Fabric often distorts in the finishing processes. Those tiny holes along the selvedge edge are made when it is stretched on the 'tenter hooks' of the finishing tables (this is where the phrase 'Being on tenter hooks' comes from). If the fabric is skewed when doing this (the cheaper the weave the more likely this is to happen - and lots of quilting fabrics are not great quality) it will be set off-grain.
You can do a lot in the pressing to set it straighter, so dampen it again and press and pull back to where it should be. I do however find it always has a tendency to creep back to how it was set.
So how to work with this? Well you can cut everything out singly and pretty well on grain (even though the warp and weft threads may not be set perfectly at right angles to one another), so no double or four ply cuts. Alternatively you can put the fabric selvedge to selvedge and cut off the uneven bit and work with the units slightly off grain. How much this matters depends on lots of factors - you and how much you mind this, how much the fabric frays (there is an argument that a slightly off grain fabric will fray less thank one on the straight grain), your skill level, how easily your machine allows you to feed work in without distorting and shifting the plies, whether this is visually detrimental to the look of a print, how complex your patchwork design is to sew and more.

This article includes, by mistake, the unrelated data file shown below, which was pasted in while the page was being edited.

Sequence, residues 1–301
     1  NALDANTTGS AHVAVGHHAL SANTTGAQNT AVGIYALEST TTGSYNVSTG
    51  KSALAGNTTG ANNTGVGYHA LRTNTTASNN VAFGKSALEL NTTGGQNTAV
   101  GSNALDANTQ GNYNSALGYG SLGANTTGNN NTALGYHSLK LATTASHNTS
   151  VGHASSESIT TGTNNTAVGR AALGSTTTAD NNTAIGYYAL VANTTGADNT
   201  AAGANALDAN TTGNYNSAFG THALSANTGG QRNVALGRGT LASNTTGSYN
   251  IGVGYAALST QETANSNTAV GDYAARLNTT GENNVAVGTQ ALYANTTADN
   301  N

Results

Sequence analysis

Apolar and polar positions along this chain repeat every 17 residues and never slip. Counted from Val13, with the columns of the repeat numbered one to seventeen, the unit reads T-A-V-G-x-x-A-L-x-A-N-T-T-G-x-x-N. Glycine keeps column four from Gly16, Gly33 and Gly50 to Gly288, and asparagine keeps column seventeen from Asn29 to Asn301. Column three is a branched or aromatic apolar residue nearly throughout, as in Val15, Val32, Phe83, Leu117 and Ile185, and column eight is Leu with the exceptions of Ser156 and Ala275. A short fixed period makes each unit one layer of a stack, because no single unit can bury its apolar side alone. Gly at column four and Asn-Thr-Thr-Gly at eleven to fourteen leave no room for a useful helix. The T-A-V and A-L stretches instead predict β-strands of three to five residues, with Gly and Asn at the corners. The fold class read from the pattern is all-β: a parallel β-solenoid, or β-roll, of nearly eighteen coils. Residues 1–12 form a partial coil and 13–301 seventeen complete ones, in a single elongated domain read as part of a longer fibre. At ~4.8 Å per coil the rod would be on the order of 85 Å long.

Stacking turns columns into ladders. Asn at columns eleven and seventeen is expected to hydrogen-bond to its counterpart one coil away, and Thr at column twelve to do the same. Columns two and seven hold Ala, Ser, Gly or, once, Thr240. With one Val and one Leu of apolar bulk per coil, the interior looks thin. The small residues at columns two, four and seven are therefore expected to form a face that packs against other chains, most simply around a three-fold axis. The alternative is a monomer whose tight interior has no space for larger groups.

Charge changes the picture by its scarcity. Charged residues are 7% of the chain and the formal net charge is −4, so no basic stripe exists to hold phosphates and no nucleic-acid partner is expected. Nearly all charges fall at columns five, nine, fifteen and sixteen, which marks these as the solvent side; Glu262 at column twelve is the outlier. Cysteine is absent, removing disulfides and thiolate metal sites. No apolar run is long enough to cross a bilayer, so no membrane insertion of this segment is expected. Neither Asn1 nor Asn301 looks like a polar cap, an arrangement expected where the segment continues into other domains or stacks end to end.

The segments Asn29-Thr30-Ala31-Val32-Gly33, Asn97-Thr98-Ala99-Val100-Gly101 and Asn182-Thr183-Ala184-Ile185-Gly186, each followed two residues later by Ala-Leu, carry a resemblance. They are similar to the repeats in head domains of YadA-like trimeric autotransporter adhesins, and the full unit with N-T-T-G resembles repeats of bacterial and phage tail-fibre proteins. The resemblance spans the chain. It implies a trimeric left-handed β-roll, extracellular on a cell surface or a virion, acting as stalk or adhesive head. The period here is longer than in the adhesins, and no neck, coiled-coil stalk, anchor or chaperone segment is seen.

Remember the patchwork top is well secured by the layering up and stitching to the backing fabric and wadding so this should be taken into account too. Make a sample and see how you get on and then you will know how to proceed.